Liquidators' must adequately demonstrate prospects of success in potential litigation in order for the courts to approve an application for entry into a litigation funding agreement.

In Jones, Saker, Weaver and Stewart (Liquidators), in the matter of Great Southern Limited (in liq) (Receivers and Managers Appointed) [2012] FCA 807, the liquidators (plaintiffs) of Great Southern Limited and associated entities sought the Court's approval to enter into a funding agreement with a litigation funder.

The purpose of the funding was to facilitate investigation of potential claims of breaches of directors' duties, which would assist in providing a return to unsecured creditors. Funding had been initially provided by another litigation funder, but had subsequently stopped. The liquidators had been in office for three years and had applied significant funds to their investigations.

Siopsis J declined to approve entry into the funding agreement. He relied upon particular relevant factors being:

  • The liquidators' prospects of success in the potential litigation;
  • The interests of the creditors; and
  • The level of the funder's premium.

The liquidators failed to adduce evidence which sufficiently addressed the factors.

His Honour acknowledged the difficulty of the situation. His Honour did not rule out that the liquidators could produce the required evidence at some other stage to satisfy the Court. However, at the time of the judgment, the evidence was insufficient to justify entry into the funding agreement. His Honour required evidence of legal opinions as to the liquidator's prospects of success in the potential litigation.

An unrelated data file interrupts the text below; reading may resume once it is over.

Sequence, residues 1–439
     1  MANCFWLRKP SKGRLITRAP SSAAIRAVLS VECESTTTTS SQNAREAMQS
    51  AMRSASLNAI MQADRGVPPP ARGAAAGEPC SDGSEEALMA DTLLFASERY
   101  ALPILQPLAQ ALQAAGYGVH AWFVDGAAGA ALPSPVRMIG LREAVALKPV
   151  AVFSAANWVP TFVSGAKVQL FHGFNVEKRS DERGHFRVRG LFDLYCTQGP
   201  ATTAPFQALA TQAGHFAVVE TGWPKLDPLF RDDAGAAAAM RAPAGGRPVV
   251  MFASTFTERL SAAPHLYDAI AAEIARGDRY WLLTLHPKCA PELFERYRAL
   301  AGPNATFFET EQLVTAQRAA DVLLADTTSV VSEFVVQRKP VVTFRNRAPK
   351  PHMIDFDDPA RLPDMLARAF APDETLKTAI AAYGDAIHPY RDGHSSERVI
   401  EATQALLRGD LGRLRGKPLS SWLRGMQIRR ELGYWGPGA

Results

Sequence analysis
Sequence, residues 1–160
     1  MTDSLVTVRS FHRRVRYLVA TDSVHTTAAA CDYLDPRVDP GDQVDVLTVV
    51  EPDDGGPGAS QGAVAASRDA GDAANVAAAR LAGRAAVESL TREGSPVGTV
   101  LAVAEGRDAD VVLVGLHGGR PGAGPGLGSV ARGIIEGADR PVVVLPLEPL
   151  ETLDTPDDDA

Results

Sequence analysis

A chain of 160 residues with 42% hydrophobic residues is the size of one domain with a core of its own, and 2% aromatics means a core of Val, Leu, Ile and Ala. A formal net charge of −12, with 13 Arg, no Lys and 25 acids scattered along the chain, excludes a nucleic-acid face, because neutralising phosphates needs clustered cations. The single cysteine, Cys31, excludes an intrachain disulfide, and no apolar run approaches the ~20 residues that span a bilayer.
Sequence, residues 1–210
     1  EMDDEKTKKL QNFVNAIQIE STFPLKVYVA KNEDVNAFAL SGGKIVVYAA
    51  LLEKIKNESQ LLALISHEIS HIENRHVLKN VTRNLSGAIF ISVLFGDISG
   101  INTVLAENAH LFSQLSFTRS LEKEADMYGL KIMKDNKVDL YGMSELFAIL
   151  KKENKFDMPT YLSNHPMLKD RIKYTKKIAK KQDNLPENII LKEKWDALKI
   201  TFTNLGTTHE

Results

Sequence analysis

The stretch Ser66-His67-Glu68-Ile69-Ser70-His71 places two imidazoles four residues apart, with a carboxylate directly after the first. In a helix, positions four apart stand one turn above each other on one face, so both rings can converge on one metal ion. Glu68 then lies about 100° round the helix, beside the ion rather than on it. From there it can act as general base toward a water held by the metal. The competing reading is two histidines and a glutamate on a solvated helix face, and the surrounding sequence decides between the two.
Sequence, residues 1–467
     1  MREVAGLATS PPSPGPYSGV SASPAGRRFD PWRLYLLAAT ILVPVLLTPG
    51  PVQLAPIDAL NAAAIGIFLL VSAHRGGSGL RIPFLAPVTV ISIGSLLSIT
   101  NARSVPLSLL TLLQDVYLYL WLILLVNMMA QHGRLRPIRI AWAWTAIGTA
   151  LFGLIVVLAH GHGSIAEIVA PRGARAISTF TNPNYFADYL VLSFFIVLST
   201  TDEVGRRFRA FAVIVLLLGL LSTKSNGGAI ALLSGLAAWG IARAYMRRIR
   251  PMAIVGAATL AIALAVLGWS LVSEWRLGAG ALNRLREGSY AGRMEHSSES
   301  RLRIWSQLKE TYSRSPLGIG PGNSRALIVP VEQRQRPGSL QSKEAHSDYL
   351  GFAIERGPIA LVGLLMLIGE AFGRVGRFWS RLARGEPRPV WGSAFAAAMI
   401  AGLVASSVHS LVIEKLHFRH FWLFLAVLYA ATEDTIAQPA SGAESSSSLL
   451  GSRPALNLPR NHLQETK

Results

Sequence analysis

Whilst the courts have power to issue confidentiality orders, and usually do in these types of applications, there are no assurances that a court will always do so, and there is always the potential for argument of a waiver of privilege over the opinions.

His Honour also required evidence of the value of the potential claim, in light of the significant funders' premium and accruing of professional fees to the liquidators. The particular issue was to ensure the worth of the potential claim demonstrated there would be a benefit for creditors after payment of the funder's premium and fees.

The case has potentially significant consequences to liquidators who are obliged to either obtain creditors, committee of inspection or Court approvals for entry into an agreement, including funding agreements, which exceed three months (see section 477 Corporations Act 2001).

The content of this article is intended to provide a general guide to the subject matter. Specialist advice should be sought about your specific circumstances.